Home / Uncategorized / FORD v. DIRECTOR OF REVENUE

FORD v. DIRECTOR OF REVENUE



NOTICE: This slip opinion is subject to
revision and may not reflect the final opinion adopted by the
Court.


FORD

v.

DIRECTOR OF REVENUE


Opinion
Missouri Court of Appeals Southern District

Case Style: Blake Edward Ford, Respondent, v. Director of
Revenue,
Appellant.

Case Number: 22879

Handdown Date: 02/14/2000

Appeal From: Circuit Court of Scott County, Hon. David A.
Dolan

Counsel for Appellant: Evan J. Buchheim

Counsel for Respondent: Richard Whiffen

Opinion Summary: None

Citation:

Opinion Author: Phillip R. Garrison, Chief Judge

Opinion Vote: REVERSED. Montgomery, P.J., and Barney, J.,
concur.


Opinion:

Blake Edward Ford ("Respondent") was arrested by a
Sikeston, Missouri
police officer for driving while intoxicated when he was found
passed out
behind the wheel of his car. A breath test demonstrated that he
had a blood
alcohol content of .15% and, although he was never convicted for
driving
while intoxicated, his driving privileges were suspended by the
Director of
Revenue ("Director") pursuant to Section 302.505, RSMo
1994.[1]
Respondent filed a petition three years later against the
Missouri State
Highway Patrol, the Department, the City of Sikeston and the
Scott County
prosecuting attorney seeking to have all records relating to the
arrest and
the Department’s administrative action expunged. His petition
sought relief
pursuant to Section 610.122, RSMo Cum.Supp. 1998, [2] "and in
accord with
the equitable authority granted to Courts of general jurisdiction
within
the State of Missouri." Director filed a motion to dismiss
noting that
there was no statutory authority for the expungement sought. That
motion
was overruled.
At the hearing on the petition, Director disputed the trial
court’s
authority to order the expungement of the Department’s
administrative
records of the suspension, noting that there is no statutory
authority
authorizing that action under these facts. The only witness was
Respondent
who testified that he had gone through alcohol rehabilitation,
and he
answered affirmatively to the following question:

[a]s you and I were discussing ten years down the road this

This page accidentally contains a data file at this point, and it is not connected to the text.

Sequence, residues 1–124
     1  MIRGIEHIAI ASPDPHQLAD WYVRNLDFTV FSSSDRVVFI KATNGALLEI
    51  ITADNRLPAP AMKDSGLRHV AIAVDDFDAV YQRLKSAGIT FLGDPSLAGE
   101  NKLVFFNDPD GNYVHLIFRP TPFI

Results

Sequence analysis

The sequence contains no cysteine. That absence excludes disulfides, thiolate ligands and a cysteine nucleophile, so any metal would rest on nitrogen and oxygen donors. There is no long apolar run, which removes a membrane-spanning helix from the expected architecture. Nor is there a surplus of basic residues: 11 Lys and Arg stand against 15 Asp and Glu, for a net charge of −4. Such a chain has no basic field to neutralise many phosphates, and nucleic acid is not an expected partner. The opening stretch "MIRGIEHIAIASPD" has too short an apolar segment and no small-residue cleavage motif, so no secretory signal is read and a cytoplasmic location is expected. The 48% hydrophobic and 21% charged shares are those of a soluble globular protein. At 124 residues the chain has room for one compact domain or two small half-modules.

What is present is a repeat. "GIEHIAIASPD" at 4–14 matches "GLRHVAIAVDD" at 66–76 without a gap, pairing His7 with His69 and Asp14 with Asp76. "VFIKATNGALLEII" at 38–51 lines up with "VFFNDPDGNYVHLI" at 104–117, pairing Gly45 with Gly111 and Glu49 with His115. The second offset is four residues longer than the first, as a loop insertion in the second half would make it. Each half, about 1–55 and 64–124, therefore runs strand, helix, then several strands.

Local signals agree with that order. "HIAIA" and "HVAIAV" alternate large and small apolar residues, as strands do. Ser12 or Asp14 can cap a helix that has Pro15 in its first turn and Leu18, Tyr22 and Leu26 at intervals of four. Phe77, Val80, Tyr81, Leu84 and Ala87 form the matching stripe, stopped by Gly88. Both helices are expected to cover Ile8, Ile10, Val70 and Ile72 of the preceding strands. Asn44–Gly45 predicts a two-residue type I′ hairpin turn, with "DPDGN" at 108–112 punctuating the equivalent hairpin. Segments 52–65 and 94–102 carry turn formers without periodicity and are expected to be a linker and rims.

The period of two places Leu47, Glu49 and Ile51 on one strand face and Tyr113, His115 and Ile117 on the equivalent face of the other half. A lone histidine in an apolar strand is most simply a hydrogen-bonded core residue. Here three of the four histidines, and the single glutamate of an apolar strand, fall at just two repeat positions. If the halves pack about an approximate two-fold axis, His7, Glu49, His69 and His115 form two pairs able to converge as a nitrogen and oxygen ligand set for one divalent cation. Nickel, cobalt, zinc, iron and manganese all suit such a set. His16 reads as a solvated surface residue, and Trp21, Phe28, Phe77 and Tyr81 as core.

administrative mark on your record might not be a big concern,
but right now it is there for everyone to see, potential
employers and your insurance company to see, and you are asking
that the incident that happened to you when you were seventeen be
expunged from your records so you can have a clean start?

The trial court ordered all defendants to delete all records
of the arrest,
confinement and the administrative action. In doing so, it noted
that
Respondent was seventeen years old at the time of his arrest, and
it found
that it was "well satisfied that [Respondent] ha[d] rehabilitated himself
and ha[d] been able to avoid consumption of alcohol for a period
of time so
as to convince the Court of [Respondent's] maturity." It
also found that
the records of Respondent’s arrest and those relating to the
administrative
suspension indicating an "alcohol related enforcement
contact [were] detrimental to the [Respondent], [were] detrimental to
[Respondent's] employment and education prospects, that there [was] no adequate
remedy at
law, and that irreparable harm [would] continue to come to the
[Respondent] by the presence of these records."
Noting that its jurisdiction to order the expungment had been
questioned,
the trial court referred to the fact that under Article 5,
Section 14 of
the Missouri Constitution, the Circuit Courts of this State have
original
jurisdiction over all cases and matters, civil and criminal,
including
equitable powers. It also noted Section 1.010, RSMo 1994, which
declares
that the Common Law of England, except where repugnant or
inconsistent with
the United States Constitution, the Missouri Constitution or the
Missouri
statutes, is the rule of action and decision. It held, inter
alia:

The Court notes that Missouri Statute 610.122 provides
for the expungement of any record of arrest, if it is
determined that the arrest was based on false
information if other listed conditions exist. While
this Statute is not applicable here, Subsection 5
states that the Court may act, provided no civil action
is pending related to the arrest or the records sought
to be expunged. This Statute, enacted by the
Legislature, does not prohibit other methods of
expungement.

The trial court concluded that it had jurisdiction and
authority to issue
an equitable decree ordering the expungement of Respondent’s
arrest records
and the Department’s records of the administrative suspension. In
so
finding, the trial court concluded that the information placed on
Respondent’s driving record by the Department in connection with
the
administrative suspension "is so similar to a record of
arrest as to be
legally indistinguishable." The trial court entered a
judgment directing
the Director and the other defendants to "delete from their
records all